Package Info


Command line flag parser, very similar to Google's gflags


The 'HFlags' library supports easy definition of command line flags, reimplementing the ideas from Google's 'gflags' (<>).

Command line flags can be declared in any file at the toplevel, using 'defineFlag'. At runtime, the actual values are assigned to the toplevel 'flags_name' constants. Those can be used purely throughout the program.

At the beginning of the 'main' function, '$initHFlags "program description"' has to be called to initialize the flags. All flags will be initialized that are transitively reachable via imports from 'main'. This means, that any Haskell package can easily define command line flags with 'HFlags'. This feature is demonstrated by <> and <>.

A simple example (more in the <> directory):

' #!/usr/bin/env runhaskell

&#x7b;-# LANGUAGE TemplateHaskell #-&#x7d;

import HFlags

'defineFlag' "name" "Indiana Jones" "Who to greet." 'defineFlag' "r:repeat" (3

  • 4 :: Int) "Number of times to repeat the message."

main = do s <- $initHFlags "Simple program v0.1" &#x20; sequence_ $ replicate flags_repeat greet &#x20; putStrLn $ "Your additional arguments were: " ++ show s &#x20; putStrLn $ "Which is the same as: " ++ show HFlags.arguments &#x20; where &#x20; greet = putStrLn $ "Hello " ++ flags_name ++ ", very nice to meet you!" '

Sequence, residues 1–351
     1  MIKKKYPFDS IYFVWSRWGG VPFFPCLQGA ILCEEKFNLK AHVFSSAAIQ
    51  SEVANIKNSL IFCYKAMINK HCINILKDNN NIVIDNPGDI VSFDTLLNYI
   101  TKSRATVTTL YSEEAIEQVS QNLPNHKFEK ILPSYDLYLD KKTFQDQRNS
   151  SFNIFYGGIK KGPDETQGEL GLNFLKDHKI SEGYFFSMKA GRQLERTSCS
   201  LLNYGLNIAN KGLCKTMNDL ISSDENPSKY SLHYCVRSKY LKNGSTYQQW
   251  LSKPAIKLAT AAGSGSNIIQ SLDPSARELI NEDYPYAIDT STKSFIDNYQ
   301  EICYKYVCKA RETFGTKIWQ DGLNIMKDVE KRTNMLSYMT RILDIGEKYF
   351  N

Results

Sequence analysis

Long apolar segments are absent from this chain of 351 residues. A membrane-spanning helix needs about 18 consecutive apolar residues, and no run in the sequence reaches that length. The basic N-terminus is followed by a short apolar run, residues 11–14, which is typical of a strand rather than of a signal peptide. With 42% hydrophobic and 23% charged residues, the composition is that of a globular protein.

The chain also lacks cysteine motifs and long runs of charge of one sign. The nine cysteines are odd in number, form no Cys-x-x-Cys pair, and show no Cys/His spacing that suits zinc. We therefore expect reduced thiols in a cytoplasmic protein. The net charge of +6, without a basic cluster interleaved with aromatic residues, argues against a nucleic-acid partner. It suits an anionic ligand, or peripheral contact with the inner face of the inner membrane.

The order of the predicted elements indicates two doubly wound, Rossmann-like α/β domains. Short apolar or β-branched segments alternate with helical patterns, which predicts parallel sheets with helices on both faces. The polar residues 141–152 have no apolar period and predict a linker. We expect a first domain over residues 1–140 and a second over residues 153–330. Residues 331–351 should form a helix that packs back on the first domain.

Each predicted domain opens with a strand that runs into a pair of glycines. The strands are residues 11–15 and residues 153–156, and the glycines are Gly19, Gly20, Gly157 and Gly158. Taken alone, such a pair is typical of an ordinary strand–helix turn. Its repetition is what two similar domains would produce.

At 'initHFlags' time, the library also tries to gather flags out of environment variables. 'HFLAGS_verbose=True' is equivalent to specify --verbose=True. This environment feature only works with long options and the user has to specify a value even for Bools.

/Since version 0.2, you mustn't put the initHFlags in a parentheses with the program description. Just/ '$initHFlags', /it's cleaner./

See <> for recent changes.

License: Apache-2.0



Package Version Update ID Released Package Hub Version Platforms Subpackages
0.4.2-bp150.1.3 info GA Release 2018-07-30 15
  • AArch64
  • ppc64le
  • x86-64
  • ghc-hflags
  • ghc-hflags-devel